• Patient consent for publication Not required.

  • Ethics approval The study protocol was approved by the Institutional Review Board (INT 98/20).

  • Provenance and peer review Not commissioned; externally peer reviewed.

  • Data availability statement Data are available upon reasonable request. Patients’ epidemiological and clinical data were recorded in an electronic dataset, which has been anonymised and is continuously updated, given that the study will continue prospectively.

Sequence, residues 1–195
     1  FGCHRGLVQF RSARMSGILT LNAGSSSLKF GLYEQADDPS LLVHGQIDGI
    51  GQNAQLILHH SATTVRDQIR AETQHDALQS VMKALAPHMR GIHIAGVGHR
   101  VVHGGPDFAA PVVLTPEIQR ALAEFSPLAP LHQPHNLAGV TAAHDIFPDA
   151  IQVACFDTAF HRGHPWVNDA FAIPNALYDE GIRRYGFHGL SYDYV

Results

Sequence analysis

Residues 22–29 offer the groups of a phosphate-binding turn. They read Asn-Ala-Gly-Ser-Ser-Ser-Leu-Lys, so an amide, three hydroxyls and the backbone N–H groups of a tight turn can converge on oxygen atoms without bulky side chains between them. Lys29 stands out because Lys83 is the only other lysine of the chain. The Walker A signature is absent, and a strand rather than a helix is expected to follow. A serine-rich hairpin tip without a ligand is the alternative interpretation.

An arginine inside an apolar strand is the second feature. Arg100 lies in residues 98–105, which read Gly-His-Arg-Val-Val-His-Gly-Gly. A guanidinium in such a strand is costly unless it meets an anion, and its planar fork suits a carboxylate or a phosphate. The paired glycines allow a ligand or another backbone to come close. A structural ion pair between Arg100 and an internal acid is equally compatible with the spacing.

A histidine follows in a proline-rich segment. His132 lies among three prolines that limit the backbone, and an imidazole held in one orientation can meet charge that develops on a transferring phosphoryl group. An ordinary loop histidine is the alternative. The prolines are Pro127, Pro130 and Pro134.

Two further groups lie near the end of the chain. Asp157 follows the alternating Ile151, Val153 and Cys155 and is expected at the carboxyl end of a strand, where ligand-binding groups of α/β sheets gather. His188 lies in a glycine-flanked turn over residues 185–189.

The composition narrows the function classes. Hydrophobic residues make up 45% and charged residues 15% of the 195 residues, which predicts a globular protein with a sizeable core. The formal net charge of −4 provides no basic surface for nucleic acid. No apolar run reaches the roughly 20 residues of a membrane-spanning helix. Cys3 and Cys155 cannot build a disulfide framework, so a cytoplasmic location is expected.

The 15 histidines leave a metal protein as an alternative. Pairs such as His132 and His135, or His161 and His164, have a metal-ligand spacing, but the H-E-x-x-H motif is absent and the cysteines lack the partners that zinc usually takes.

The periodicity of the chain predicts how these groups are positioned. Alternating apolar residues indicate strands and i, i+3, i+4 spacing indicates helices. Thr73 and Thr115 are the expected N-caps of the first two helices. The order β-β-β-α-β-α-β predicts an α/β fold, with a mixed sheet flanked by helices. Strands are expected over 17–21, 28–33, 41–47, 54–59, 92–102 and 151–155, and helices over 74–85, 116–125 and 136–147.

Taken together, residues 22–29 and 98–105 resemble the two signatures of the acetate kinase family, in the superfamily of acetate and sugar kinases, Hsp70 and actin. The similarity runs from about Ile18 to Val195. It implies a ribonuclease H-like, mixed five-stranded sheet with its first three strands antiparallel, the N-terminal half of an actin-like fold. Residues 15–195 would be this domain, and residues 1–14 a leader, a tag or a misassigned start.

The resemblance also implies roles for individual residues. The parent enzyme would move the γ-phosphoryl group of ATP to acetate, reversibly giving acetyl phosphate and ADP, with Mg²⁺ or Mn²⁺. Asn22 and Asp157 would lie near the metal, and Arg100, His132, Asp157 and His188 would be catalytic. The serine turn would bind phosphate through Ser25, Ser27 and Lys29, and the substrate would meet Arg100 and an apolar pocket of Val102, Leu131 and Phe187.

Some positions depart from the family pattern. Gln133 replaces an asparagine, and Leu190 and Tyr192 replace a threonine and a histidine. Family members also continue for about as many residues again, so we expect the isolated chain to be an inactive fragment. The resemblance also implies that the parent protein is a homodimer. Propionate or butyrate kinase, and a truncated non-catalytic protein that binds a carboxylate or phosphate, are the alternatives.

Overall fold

• Supplemental material This content has been supplied by the author(s). It has not been vetted by BMJ Publishing Group Limited (BMJ) and may not have been peer-reviewed. Any opinions or recommendations discussed are solely those of the author(s) and are not endorsed by BMJ. BMJ disclaims all liability and responsibility arising from any reliance placed on the content. Where the content includes any translated material, BMJ does not warrant the accuracy and reliability of the translations (including but not limited to local regulations, clinical guidelines, terminology, drug names and drug dosages), and is not responsible for any error and/or omissions arising from translation and adaptation or otherwise.